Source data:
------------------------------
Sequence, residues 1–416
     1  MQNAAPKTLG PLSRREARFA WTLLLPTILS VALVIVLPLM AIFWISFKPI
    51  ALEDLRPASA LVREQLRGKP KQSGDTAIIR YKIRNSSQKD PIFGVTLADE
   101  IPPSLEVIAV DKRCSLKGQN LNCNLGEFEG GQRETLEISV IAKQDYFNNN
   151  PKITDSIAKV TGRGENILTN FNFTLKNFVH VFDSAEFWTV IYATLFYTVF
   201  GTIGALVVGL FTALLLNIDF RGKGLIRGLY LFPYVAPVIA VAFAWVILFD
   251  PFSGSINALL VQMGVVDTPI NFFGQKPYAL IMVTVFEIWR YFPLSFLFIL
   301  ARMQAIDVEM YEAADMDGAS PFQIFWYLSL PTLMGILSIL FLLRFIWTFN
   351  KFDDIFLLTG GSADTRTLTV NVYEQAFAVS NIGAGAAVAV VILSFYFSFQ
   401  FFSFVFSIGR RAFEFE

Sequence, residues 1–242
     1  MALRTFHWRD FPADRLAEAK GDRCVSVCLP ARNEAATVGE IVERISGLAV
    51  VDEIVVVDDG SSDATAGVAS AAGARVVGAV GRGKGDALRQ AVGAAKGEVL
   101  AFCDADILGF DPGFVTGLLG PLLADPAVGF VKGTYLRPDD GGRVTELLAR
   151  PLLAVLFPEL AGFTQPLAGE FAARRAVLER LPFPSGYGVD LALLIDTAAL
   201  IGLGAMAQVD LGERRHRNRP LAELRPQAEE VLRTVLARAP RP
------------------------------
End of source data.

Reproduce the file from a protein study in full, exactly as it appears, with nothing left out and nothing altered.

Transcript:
Sequence, residues 1–416
     1  MQNAAPKTLG PLSRREARFA WTLLLPTILS VALVIVLPLM AIFWISFKPI
    51  ALEDLRPASA LVREQLRGKP KQSGDTAIIR YKIRNSSQKD PIFGVTLADE
   101  IPPSLEVIAV DKRCSLKGQN LNCNLGEFEG GQRETLEISV IAKQDYFNNN
   151  PKITDSIAKV TGRGENILTN FNFTLKNFVH VFDSAEFWTV IYATLFYTVF
   201  GTIGALVVGL FTALLLNIDF RGKGLIRGLY LFPYVAPVIA VAFAWVILFD
   251  PFSGSINALL VQMGVVDTPI NFFGQKPYAL IMVTVFEIWR YFPLSFLFIL
   301  ARMQAIDVEM YEAADMDGAS PFQIFWYLSL PTLMGILSIL FLLRFIWTFN
   351  KFDDIFLLTG GSADTRTLTV NVYEQAFAVS NIGAGAAVAV VILSFYFSFQ
   401  FFSFVFSIGR RAFEFE

Sequence, residues 1–242
     1  MALRTFHWRD FPADRLAEAK GDRCVSVCLP ARNEAATVGE IVERISGLAV
    51  VDEIVVVDDG SSDATAGVAS AAGARVVGAV GRGKGDALRQ AVGAAKGEVL
   101  AFCDADILGF DPGFVTGLLG PLLADPAVGF VKGTYLRPDD GGRVTELLAR
   151  PLLAVLFPEL AGFTQPLAGE FAARRAVLER LPFPSGYGVD LALLIDTAAL
   201  IGLGAMAQVD LGERRHRNRP LAELRPQAEE VLRTVLARAP RP